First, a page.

November is Alaska Native and Native American Heritage Month, and in Juneau there will be plenty of opportunity to learn more about indigenous cultures in Southeast and elsewhere. Here’s a look at some of the happenings.
Sealaska Heritage Institute will once again host a lecture series in recognition of Alaska Native & Native American Heritage Month. Lectures will be held on Tuesdays at noon in the fourth floor Boardroom of the Sealaska Building, Sealaska Plaza. Attendees are invited to bring their own lunch.
The schedule is as follows:
Nov. 13: “On the Origins and Diversity of Northern Northwest Coast Headgear,” with Steve Henrikson, Curator of Collections, Alaska State Museum. With a focus on art history, this presentation will review what is known or surmised about many types and styles of Northwest Coast headgear, with an emphasis on some of the earliest hats, the more unusual forms, and those imported from neighboring Native groups.
Nov. 20: “Basketry and Alaska Native Art Revival,” with Delores Churchill. Haida master weaver and artist. Churchill will discuss the revival of Native art during the late 20th century in communities like Ketchikan and the impact these activities have had for Southeast Alaska Native arts today. The discussion will also focus on Churchill’s own artistic experience as a master weaver
Nov. 27: “Three Hundred Years of Tlingit Art,” with Aldona Jonaitis, Emeritus Director, Museum of the North. This presentation will overview the history of Tlingit artworks made in the 18th century to those created in the 21st century. Special attention will be devoted to artist elements that have been consistent over these centuries, and those that have changed.
At UAS, an Alaska Native Film Series is underway, a joint project of the Alaska Native Languages & Studies department, the Native & Rural Student Center, and Wooch.een and Waqaa student groups. The free series began Tuesday with “Reel Injun,” and continues every Tuesday through the month of November. Start time is 7 p.m. at the Egan Lecture Hall, with a short discussions to follow the films.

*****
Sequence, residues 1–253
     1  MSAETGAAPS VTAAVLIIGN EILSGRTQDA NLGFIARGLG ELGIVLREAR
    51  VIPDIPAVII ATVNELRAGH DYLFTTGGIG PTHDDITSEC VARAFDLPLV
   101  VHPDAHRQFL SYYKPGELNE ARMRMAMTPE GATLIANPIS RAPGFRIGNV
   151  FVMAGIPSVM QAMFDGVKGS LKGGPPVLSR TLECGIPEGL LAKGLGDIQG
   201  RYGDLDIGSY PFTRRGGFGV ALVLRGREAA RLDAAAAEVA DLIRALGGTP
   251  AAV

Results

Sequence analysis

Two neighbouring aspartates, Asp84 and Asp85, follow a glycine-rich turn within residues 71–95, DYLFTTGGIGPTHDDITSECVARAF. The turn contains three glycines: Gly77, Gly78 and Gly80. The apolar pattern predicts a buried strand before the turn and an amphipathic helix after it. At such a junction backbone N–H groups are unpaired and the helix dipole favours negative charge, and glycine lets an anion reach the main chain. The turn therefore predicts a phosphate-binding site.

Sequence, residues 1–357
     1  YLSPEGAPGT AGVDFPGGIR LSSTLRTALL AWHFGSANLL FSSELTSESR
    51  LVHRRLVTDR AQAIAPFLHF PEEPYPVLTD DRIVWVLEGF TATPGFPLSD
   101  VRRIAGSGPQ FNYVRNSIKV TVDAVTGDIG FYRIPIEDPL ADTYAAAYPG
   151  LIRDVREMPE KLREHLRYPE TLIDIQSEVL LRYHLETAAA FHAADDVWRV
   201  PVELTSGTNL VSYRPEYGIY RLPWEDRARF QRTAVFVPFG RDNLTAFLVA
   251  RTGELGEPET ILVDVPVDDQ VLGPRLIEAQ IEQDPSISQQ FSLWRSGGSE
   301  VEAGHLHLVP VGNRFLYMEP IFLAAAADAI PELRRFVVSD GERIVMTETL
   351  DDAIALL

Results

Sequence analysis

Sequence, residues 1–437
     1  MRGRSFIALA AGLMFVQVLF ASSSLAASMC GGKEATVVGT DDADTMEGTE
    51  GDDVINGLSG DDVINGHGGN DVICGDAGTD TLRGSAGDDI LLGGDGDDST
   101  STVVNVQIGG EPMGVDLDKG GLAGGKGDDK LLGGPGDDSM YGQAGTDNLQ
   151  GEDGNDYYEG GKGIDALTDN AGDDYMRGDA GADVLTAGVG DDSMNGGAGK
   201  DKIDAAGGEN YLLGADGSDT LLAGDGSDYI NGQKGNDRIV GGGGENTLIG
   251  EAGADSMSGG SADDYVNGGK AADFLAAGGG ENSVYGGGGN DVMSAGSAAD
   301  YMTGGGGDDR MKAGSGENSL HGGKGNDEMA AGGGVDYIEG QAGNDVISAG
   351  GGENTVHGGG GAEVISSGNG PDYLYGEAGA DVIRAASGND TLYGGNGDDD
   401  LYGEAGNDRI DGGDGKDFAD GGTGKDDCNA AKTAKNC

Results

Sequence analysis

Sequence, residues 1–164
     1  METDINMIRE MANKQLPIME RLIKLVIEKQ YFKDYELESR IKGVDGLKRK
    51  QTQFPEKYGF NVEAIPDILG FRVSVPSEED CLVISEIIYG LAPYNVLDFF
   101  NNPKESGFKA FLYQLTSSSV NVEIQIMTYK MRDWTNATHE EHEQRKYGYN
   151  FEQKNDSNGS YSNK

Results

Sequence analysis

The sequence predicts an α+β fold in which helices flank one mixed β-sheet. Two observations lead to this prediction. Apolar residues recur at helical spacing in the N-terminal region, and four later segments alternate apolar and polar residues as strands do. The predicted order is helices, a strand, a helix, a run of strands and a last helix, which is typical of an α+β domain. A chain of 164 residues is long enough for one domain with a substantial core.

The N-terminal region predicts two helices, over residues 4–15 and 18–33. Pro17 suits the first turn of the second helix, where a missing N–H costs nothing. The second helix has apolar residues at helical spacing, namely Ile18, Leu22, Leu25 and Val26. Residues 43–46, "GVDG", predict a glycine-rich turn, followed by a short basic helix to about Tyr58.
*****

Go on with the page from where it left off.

This coming Tuesday the film will be “On the Ice,” the recent debut feature from Andrew Okpeaha MacLean. Here is a look at the other offereings.
Nov. 6: “On the Ice.” In this feature film debut by filmmaker Andrew Okpeaha MacLean, two teenage boys who have grown up like brothers go about their lives in the comfortable claustrophobia of an isolated Alaskan town. Early one morning, teenagers Qalli and Aivaaq find their bond tested when a seal-hunting trip goes tragically wrong. With their future in the balance, they are forced to explore the limits of friendship and honor. Featuring breakout performances by Josiah Patkotak and Frank Qutuq Irelan.
Nov. 13: “The Yup’ik Way.” A portrait of a Yup’ik village in southwestern Alaska trying to hold on to its traditional way of life, while also being a part of the western world. Hooper Bay, or Naparyarmiut, is the largest native Yup’ik village in southwestern Alaska. Of the 1,023 village inhabitants, 62 percent are under 18 years of age. With the majority of the village being so young, traditional ways of life are diminishing by the lure of western culture, technology, and language. Filmmaker Beth Edwards captures elders and youth navigating their way through two worlds.
Nov. 20: “Smoke Signals.” Directed and co-produced by Chris Eyre with a screenplay by Sherman Alexie, this film is based on the short story “This Is What It Means to Say Phoenix, Arizona” from the book Lone Ranger and Tonto Fistfight in Heaven. The story centers on Victor Joseph and Thomas Builds-the-Fire who live on the Coeur D’Alene Indian Reservation in Plummer, Idaho. Thomas is an eccentric storyteller and Victor is an angry, brooding local basketball star, and they are linked by Victor’s father, Arnold Joseph, who takes them on an epic journey off the reservation.
Nov. 27: “History of the Iñupiat: Project Chariot.” In 1958, the U.S. Atomic Energy Commission planned to detonate thermonuclear bombs near North America’s oldest continually inhabited settlement. This documentary by Iñupiaq filmmaker Rachel Naninaaq Edwardson tells the dramatic story of an Iñupiaq village that stopped the most powerful agency of its time.